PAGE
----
Have we made Steve Coogan an honourary asshole yet?  He’s at his best playing someone despicable, and they don’t come more despicable than retail fashion billionaires, who’ve “earned” their fortunes by exploiting third-world workers and the “rules” of corporate governance.  Coogan’s character, Richard McCreadie, is not a real person but is clearly inspired by the owners of Zara and H&M, both of which are running the same scheme in the real world as McCreadie does onscreen.

Having come under some scrutiny for his business practices (though not as much as he deserves), McCreadie hopes to gain some more favourable press by throwing an extravagant 60th birthday party for himself, shelling out for numerous celebrities to attend, and building a plywood colosseum in which a rented lion and McCreadie’s aides will put on a spectacle worthy of Caesar.  It is all too real, this game of distraction that McCreadie plays, and having gladiator games as entertainment sets up a good parallel between the ancient Roman slaves who died in service of their emperor and the factory workers who are suffering in service of McCreadie’s business empire.

greed_0HEROGreed’s comedic and satirical elements work well, with Coogan ably and expertly leading the way.   I am sure Coogan could play this role in his sleep but he’s not phoning it in at any point.  He clearly relishes the chance to play this type of character and he delivers a wonderfully over-the-top take on a selfish billionaire (though really, is there any other kind?).

But outside of the scenes featuring Coogan, Greed seems to lose its way.  It felt like Greed was too ambitious. In addition to the party scenes, Greed also shows McCreadie’s early days, both in private school and as he first sets up his business, factory scenes that are filmed documentary-style at real locations featuring real workers,  and a large number of side stories involving McCreadie’s ex-wife (Isla Fisher), their three kids (Asa Butterfield among them), McCreadie’s biographer (David Mitchell), and one of McCreadie’s top staff (Sarah Solemani).  There’s just too much going on, and it seems impossible for one movie to combine so many disparate parts  into a cohesive whole.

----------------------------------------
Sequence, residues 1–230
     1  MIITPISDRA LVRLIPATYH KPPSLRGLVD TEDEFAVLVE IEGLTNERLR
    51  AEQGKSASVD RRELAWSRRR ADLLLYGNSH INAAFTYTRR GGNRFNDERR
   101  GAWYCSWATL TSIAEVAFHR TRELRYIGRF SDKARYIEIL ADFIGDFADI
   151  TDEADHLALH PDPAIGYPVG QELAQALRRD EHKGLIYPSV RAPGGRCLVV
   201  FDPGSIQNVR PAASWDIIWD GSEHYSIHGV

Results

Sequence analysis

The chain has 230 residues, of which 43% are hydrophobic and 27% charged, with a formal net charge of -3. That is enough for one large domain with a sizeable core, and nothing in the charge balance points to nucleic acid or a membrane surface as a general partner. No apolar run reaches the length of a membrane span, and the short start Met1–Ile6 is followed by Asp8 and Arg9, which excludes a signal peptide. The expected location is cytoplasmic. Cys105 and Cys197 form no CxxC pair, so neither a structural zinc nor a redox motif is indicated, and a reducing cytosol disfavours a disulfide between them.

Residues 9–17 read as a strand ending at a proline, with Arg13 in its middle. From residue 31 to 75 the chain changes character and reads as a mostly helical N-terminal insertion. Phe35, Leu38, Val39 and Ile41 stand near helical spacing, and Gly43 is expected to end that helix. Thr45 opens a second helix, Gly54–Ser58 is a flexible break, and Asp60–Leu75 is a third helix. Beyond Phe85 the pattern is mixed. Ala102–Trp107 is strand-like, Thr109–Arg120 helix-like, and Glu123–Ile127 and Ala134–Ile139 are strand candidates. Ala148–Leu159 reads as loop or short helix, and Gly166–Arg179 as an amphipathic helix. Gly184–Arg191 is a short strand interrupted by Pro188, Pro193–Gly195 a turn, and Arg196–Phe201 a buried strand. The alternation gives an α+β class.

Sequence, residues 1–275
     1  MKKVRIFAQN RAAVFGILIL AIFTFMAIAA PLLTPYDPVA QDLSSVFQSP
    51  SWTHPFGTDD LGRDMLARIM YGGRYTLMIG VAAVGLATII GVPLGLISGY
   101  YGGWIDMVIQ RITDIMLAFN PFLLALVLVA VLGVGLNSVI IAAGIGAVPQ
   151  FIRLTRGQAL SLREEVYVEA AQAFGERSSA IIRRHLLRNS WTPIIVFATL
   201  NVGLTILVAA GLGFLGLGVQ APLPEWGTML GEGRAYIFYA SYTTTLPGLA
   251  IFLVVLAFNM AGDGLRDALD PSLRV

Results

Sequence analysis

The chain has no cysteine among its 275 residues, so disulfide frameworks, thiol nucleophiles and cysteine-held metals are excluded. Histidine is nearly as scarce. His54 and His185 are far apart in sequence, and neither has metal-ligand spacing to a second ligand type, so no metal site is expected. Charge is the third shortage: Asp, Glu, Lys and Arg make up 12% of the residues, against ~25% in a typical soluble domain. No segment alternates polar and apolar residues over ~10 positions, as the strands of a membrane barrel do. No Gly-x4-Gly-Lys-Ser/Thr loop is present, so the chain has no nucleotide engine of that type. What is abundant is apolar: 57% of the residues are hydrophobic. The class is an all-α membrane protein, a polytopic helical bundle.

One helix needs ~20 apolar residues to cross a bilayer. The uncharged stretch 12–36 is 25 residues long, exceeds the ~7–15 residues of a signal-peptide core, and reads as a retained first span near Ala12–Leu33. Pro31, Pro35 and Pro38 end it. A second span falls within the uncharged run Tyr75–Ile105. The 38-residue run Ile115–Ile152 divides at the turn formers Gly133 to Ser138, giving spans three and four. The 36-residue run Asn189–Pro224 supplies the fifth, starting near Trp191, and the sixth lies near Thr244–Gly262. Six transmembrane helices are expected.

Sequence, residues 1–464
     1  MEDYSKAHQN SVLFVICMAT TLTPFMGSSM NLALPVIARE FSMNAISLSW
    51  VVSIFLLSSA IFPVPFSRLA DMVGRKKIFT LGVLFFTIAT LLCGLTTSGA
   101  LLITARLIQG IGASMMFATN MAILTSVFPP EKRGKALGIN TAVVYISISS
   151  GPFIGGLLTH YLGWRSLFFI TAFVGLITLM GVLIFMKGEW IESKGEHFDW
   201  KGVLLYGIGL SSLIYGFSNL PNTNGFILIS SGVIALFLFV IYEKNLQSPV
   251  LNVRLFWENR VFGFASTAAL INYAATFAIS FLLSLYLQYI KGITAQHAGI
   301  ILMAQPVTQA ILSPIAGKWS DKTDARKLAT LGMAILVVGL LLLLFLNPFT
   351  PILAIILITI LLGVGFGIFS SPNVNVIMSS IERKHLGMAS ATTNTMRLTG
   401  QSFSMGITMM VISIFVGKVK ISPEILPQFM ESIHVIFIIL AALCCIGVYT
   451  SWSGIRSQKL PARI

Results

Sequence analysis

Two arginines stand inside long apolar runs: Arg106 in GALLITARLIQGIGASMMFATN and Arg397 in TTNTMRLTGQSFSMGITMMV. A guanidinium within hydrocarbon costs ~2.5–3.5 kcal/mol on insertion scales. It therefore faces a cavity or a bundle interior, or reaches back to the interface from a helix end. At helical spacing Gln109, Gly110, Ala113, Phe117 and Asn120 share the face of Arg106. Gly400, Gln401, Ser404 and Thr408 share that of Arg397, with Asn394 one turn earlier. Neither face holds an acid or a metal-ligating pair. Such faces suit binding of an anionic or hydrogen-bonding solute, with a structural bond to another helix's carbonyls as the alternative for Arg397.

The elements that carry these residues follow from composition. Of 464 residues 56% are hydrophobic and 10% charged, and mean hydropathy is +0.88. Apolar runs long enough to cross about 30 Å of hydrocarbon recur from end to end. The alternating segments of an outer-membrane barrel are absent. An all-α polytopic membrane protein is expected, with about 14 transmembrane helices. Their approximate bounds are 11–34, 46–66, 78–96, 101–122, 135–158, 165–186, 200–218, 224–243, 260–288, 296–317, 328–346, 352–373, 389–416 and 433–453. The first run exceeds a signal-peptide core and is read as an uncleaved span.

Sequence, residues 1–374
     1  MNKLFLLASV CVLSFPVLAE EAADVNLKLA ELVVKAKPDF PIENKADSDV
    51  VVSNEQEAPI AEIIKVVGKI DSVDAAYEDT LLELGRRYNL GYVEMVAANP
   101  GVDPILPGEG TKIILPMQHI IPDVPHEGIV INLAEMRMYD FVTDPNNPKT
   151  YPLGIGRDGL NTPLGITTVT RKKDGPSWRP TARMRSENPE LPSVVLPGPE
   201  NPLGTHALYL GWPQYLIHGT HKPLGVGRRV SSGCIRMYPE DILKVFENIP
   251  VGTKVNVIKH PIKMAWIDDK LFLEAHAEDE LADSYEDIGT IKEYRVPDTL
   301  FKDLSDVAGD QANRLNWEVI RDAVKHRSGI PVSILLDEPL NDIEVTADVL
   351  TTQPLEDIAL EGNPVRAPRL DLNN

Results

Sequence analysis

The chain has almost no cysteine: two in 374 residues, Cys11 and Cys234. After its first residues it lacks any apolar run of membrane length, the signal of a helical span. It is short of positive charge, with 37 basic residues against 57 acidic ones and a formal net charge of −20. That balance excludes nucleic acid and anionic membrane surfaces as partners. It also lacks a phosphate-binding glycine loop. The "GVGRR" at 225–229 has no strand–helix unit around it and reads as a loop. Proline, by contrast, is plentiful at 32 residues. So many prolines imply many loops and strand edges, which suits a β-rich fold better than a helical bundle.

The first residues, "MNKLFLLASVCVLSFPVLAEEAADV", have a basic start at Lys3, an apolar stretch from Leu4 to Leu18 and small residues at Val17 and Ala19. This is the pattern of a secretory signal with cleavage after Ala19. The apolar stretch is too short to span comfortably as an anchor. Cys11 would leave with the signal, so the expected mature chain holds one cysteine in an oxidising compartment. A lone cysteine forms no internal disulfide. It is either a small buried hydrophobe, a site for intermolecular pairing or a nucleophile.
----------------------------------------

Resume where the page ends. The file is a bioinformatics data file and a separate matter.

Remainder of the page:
Undoubtedly, Greed’s failure in that regard is due to Michael Winterbottom having too much to say about the increasing divide between the rich and the poor, and it’s hard to fault him for being so ambitious.  But I have to think Greed would have been more effective, both in delivering its important message and in delivering its comedy, if it had taken a more focused approach and left a few side stories (including the story featuring McCreadie’s younger self) on the cutting room floor.

TIFF19: The Personal History of David Copperfield

Dev Patel is David Copperfield – it’s an inspired bit of casting that’s instantly a perfect fit. In fact, the whole film is so overwhelmingly cast to perfection it’s almost embarrassing.

I worried about this film because though director Armando Iannucci’s previous film, The Death of Stalin, was extremely well-received by critics, it was not my the-personal-history-of-david-copperfieldcuppa, not by a long shot. As an introduction to this film’s premiere at TIFF, Iannucci informed/assured us the two films could not be more different. And while I’m not sure that’s true, I was relieved and elighted to find myself really enjoying it.

I hope it’s obvious that this movie is inspired by Charles Dickens’ David Copperfield, though TIFF Artistic Director & Co-Head Cameron Bailey rightly called it an “audacious” interpretation, and it is that. Iannucci was struck by how timeless the themes of love and friendship were, so though the film is undoubtedly a period piece, Iannucci reminds us that for the characters, it’s present day.